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Maine East junior Marko Protic (center) goes up for a basket against Guerin junior Gavin Byrne (right) while junior Anthony Marra (left) looks on during the Battle at the Ridge basketball tournament at Northridge Prep High School in Niles
Maine East junior Marko Protic grew four inches this summer, giving the Maine East boys basketball program something it desperately desired.
Protic played small forward on Maine East’s sophomore team last year, but he grew to 6-foot-5. Protic’s growth spurt made him the team’s tallest player and resulted in a move into the post. It also provided Blue Demons coach Dave Genis with the backup post player for which he was searching.
“He’s coming along. He’s a very credible backup to Ezeke (Omeke) now,” Genis said. “He’s sprouted and he’s put on a lot of muscle, compared to what he was. He’s done a lot of work in the offseason with us. If you would have seen him last year as a sophomore ... it’s like a completely different kid.”
Protic said he worked on his strength, post moves and finishing around the rim this summer.
Protic is now somebody who can challenge Omeke, a 6-4 sophomore, in practice and give the offense a different dimension.
While Omeke is better suited to bang with opposing posts down low, Protic can step away from the basket — opening the lane for Maine East’s slashers — and knock down jump shots.
He did just that in the team’s 60-44 win over Guerin on Friday. Protic scored seven points and snared a team-high five rebounds. Protic also showed that he still possesses some of the skills he developed as a perimeter player.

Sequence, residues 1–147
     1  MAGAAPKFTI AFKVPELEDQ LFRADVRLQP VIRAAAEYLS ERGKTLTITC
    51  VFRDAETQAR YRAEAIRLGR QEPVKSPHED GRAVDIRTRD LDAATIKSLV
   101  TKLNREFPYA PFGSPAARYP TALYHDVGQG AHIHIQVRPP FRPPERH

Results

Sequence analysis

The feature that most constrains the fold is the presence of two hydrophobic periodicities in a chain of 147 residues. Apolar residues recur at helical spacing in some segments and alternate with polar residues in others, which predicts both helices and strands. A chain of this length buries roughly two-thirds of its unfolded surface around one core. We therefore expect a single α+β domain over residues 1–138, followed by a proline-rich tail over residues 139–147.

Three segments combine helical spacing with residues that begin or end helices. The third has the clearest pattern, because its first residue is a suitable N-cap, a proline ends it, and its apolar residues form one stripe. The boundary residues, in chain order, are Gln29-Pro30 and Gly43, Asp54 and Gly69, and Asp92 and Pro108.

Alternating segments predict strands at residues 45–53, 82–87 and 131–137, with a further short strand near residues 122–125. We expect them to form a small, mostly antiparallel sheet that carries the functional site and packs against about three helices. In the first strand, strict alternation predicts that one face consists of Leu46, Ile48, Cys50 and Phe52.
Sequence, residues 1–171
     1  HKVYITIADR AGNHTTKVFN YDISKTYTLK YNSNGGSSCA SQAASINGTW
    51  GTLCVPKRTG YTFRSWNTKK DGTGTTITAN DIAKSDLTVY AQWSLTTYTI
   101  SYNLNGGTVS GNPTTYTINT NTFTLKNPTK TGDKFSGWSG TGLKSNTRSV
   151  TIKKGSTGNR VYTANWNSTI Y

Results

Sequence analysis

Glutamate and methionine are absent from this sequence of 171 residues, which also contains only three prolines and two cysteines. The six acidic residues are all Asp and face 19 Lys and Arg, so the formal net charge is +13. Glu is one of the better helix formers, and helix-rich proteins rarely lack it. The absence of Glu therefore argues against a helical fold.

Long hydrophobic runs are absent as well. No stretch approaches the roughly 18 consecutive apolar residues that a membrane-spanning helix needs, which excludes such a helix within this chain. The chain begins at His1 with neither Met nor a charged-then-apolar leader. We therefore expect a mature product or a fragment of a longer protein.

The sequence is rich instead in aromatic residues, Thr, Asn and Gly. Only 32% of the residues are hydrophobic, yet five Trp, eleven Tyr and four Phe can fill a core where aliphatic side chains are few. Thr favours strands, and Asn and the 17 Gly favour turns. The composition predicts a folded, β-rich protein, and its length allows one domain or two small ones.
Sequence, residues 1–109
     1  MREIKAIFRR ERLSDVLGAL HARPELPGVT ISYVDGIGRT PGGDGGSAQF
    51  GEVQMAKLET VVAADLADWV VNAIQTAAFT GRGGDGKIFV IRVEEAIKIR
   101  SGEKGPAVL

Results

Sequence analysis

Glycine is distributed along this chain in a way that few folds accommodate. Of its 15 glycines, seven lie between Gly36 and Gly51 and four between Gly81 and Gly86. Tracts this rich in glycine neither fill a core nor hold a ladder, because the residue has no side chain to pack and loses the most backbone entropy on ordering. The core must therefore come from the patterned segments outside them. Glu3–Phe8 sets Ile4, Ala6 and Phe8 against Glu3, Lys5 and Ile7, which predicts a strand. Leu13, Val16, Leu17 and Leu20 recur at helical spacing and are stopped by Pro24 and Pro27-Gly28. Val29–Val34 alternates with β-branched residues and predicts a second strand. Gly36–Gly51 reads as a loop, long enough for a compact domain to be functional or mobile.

The junior made a jump shot from the free-throw line in the first half. He also went 3-for-3 on his free throws, draining all three opportunities with a smooth stroke.
The Maine East coaching staff has been trying to accelerate the junior’s development in the paint. He’s constantly working with Omeke in practice.
“Without (Omeke), I don’t know if I would be where I am now because he really pushes me to be the best I can,” Protic said. “And I try to push him to be the best he can be.”~.
Omeke has taken it upon himself to help Protic grow. Considering the evolution Protic’s body and game have undergone since the end of his sophomore basketball season, Omeke said he expects the junior’s development to continue as the season progresses.
“He had a really big growth spurt and he had to play the post and get familiar with that spot,” Omeke said. “This year, I think he’s way better than he was. He’s been working on his hook shot, his spin back, everything.”